An Airport Similar to Singapore’s Changi? The Philippines May Soon Have One in 2021

The new terminal in Clark International Airport will be fitted out by JG Summit, Filinvest, and Changi Airports International.
IMAGE Wikimedia Commons - TheJMP617

The quality of the country’s airports may soon improve as the North Luzon Airport Consortium (NLAC) won the bid for the operations and maintenance of the Clark International Airport.

The Bases Conversion Development Authority (BCDA) awarded the operations and maintenance contract last December to NLAC, which is composed of the Gotianuns’ Filinvest Development Corporation, the Gokongweis’ JG Summit Holdings Inc., and Changi Airport Philippines Pte. Ltd. (CAP). The latter is a wholly owned subsidiary of global firm Changi Airports International, which is also the company behind Singapore’s main gateway Changi International Airport.

Aviation consultancy firm Skytrax has ranked the Singapore Changi Airport as the world’s best airport for six consecutive years. The United Kingdom-based firm gave the highest rating of five stars to all four of its terminals, which were evaluated based on its ground transportation, security screening, immigration service, wayfinding and signage, arrival, departure, transfer, terminal comfort, terminal facilities, shopping facilities, and food and beverage.

In contrast, the country’s main and biggest airport Ninoy Aquino International Airport (NAIA) was included on the worst airport lists by travel website “The Guide to Sleeping in Airports” for the years 2013, 2014, 2016, and 2017. (Skytrax does not provide a list for the world’s worst airports).

The NLAC will not build the new terminal per se, since the contract only includes operation and maintenance of both the existing and new terminal. The Megawide-GMR consortium is responsible for the construction, which has a project cost of P9.36 billion. It is targeted to be operational by 2020, the Department of Transportation said.


What the NLAC will provide, however, is the development of the commercial assets of the terminal including the provision of necessary equipment, technology, furniture, decorations, and the like. It aims to complete the project in 2021, or a year after the Megawide-GMR consortium turns over the terminal.

“NLAC plans to leverage technology where possible, to enhance productivity, build a culture of service excellence and provide training to ensure the processes and services are delivered correctly,” the consortium said in a joint disclosure. The consortium is alloting Php6 billion for the whole project.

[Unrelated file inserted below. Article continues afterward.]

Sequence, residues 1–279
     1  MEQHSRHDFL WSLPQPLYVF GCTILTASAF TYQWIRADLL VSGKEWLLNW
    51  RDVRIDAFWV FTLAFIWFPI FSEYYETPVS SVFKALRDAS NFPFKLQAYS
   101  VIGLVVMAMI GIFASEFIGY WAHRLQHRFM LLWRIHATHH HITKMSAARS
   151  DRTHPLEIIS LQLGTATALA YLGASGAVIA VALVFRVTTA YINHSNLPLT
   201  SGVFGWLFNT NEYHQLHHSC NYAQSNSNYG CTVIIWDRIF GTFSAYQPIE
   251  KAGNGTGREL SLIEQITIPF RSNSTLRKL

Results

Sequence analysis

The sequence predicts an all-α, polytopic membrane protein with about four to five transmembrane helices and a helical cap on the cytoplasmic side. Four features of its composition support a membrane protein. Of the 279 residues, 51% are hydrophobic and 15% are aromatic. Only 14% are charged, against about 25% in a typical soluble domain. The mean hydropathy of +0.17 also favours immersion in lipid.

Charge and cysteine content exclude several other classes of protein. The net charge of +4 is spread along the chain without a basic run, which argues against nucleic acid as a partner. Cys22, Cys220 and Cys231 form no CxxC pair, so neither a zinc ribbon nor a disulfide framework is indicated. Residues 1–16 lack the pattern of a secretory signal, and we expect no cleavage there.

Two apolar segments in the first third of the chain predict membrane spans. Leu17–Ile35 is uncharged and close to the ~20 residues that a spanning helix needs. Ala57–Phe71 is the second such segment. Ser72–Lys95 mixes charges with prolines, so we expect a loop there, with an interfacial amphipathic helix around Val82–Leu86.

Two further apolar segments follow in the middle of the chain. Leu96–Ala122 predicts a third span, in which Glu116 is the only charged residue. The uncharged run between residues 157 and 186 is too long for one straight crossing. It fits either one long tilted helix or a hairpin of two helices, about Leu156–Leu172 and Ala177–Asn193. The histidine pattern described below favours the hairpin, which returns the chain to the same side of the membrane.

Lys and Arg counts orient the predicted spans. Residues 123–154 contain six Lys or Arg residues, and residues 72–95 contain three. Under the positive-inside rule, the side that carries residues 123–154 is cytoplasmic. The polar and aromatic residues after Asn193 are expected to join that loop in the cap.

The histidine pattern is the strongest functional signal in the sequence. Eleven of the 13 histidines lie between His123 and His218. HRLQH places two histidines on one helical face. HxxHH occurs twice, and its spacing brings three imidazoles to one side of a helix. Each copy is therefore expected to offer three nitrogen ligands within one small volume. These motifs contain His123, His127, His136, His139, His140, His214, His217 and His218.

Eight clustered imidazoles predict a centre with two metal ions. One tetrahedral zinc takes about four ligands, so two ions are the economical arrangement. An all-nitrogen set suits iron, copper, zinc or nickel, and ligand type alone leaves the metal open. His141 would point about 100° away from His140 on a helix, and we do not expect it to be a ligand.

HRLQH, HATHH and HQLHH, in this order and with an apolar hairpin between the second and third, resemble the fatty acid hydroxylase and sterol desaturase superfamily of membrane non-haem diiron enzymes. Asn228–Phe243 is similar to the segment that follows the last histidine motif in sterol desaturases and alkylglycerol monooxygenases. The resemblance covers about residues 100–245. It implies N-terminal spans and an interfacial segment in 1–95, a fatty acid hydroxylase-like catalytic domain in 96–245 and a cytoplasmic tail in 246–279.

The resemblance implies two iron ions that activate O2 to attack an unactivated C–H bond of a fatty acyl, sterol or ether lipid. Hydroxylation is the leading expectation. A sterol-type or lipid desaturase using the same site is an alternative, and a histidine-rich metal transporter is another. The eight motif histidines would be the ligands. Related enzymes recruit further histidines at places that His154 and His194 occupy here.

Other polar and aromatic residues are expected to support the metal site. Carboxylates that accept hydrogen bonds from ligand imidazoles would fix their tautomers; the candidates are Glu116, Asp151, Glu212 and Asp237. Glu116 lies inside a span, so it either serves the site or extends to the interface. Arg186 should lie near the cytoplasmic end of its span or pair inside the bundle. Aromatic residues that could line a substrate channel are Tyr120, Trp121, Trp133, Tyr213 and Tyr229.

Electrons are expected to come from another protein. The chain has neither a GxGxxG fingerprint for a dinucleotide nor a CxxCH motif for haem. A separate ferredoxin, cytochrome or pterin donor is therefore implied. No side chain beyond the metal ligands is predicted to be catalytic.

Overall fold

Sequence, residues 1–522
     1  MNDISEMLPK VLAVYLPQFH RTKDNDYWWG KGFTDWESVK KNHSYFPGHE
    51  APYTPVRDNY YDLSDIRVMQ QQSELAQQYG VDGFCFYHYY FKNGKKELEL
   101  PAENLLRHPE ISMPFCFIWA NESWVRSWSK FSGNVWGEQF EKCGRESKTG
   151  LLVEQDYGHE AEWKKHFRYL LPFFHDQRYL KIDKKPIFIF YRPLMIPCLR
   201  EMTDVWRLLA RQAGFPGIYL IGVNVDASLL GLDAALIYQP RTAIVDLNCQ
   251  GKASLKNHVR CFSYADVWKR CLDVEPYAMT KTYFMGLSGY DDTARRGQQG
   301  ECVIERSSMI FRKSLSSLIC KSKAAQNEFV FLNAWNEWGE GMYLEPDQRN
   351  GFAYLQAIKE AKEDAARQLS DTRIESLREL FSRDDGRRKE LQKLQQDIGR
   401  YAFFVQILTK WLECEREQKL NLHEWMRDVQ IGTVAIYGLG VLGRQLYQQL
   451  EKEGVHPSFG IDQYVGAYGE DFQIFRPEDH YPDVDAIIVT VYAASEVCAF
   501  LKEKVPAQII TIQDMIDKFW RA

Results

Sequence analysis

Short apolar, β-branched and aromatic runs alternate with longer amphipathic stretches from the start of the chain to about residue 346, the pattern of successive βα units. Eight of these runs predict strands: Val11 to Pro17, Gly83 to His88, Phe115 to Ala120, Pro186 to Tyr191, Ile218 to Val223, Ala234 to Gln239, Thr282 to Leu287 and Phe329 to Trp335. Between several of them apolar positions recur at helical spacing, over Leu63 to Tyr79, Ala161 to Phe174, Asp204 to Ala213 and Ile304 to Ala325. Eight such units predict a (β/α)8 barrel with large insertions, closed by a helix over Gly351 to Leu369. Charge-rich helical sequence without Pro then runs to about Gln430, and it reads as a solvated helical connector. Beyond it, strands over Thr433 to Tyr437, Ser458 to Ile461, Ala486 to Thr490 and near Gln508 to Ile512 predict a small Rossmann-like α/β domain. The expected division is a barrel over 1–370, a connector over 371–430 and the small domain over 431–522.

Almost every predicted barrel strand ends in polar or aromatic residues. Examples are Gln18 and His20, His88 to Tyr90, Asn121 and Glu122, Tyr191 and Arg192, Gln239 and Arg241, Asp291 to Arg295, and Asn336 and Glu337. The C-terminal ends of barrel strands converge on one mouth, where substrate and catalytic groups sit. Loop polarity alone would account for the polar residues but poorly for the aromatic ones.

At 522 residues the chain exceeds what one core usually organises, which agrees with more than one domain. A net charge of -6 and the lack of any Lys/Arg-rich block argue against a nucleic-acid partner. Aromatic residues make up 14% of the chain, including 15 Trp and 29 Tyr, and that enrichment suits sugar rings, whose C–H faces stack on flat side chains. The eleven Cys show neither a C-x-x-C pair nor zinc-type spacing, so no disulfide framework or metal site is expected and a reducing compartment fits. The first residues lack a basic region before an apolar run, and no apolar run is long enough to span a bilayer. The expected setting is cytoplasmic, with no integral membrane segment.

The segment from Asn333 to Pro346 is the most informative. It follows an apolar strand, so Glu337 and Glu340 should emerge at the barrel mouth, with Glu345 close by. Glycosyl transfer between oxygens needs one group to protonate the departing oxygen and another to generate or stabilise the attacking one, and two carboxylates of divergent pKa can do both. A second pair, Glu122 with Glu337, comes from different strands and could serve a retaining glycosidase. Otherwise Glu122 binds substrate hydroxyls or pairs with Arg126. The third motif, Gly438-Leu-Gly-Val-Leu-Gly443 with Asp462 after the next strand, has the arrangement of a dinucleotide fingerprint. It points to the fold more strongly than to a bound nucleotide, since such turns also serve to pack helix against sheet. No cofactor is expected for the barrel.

“Building on the airport’s geographical position and catchment, we will grow the airport’s network and provide passengers with a superior airport experience including a brand new commercial area. In addition to global brands, the new airport terminal will also have a curated selection of retail and food and beverage outlets that showcases the best of what The Philippines has to offer,” Changi Airports International CEO Lim Liang Song said.

The new terminal will boost Clark International Airport’s capacity to 12.2 million passengers per year from the existing 4.2 million according to the BCDA.

“The consortium will also tap on the expertise of the Philippine Airport Ground Support Solutions, Inc. to provide excellent ground handling services that meet and exceed international standards,” the consortium added.

The Clark International Airport is seen as one of the feasible alternatives to NAIA as the country’s premier gateway hub. But it may not be enough to decongest and eventually replace NAIA just yet, considering its expected passenger capacity is only at 39.4 percent of NAIA’s current annual capacity of 31 million passengers. (In reality, NAIA handles at least 40 million passengers in a year).

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This may explain why several other conglomerates have proposed other alternatives.

San Miguel Corporation, for one, just received approval of the concession agreement for the construction of the New Manila International Airport in Bulacan in December 2018. SMC President Ramon Ang said they hope to start the construction of the project this year, which is aimed at eventually replacing NAIA.

The so-called “NAIA Superconsortium” composed of AC Infrastructure Holdings Corporation, Alliance Global Group Inc., Aboitiz InfraCapital Inc., Filinvest Development Corporation, JG Summit Holdings, Inc., Emerging Dragon Corp. and Metro Pacific Investments Corporation submitted a P102-billion proposal to upgrade NAIA and bring its potential capacity to 100 million passengers per year. They were granted the original proponent status in September 2018.

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Pauline Macaraeg
Esquire Philippines
Pauline is Esquire Philippines’ data journalist. Follow her on Twitter @paulinemacaraeg.
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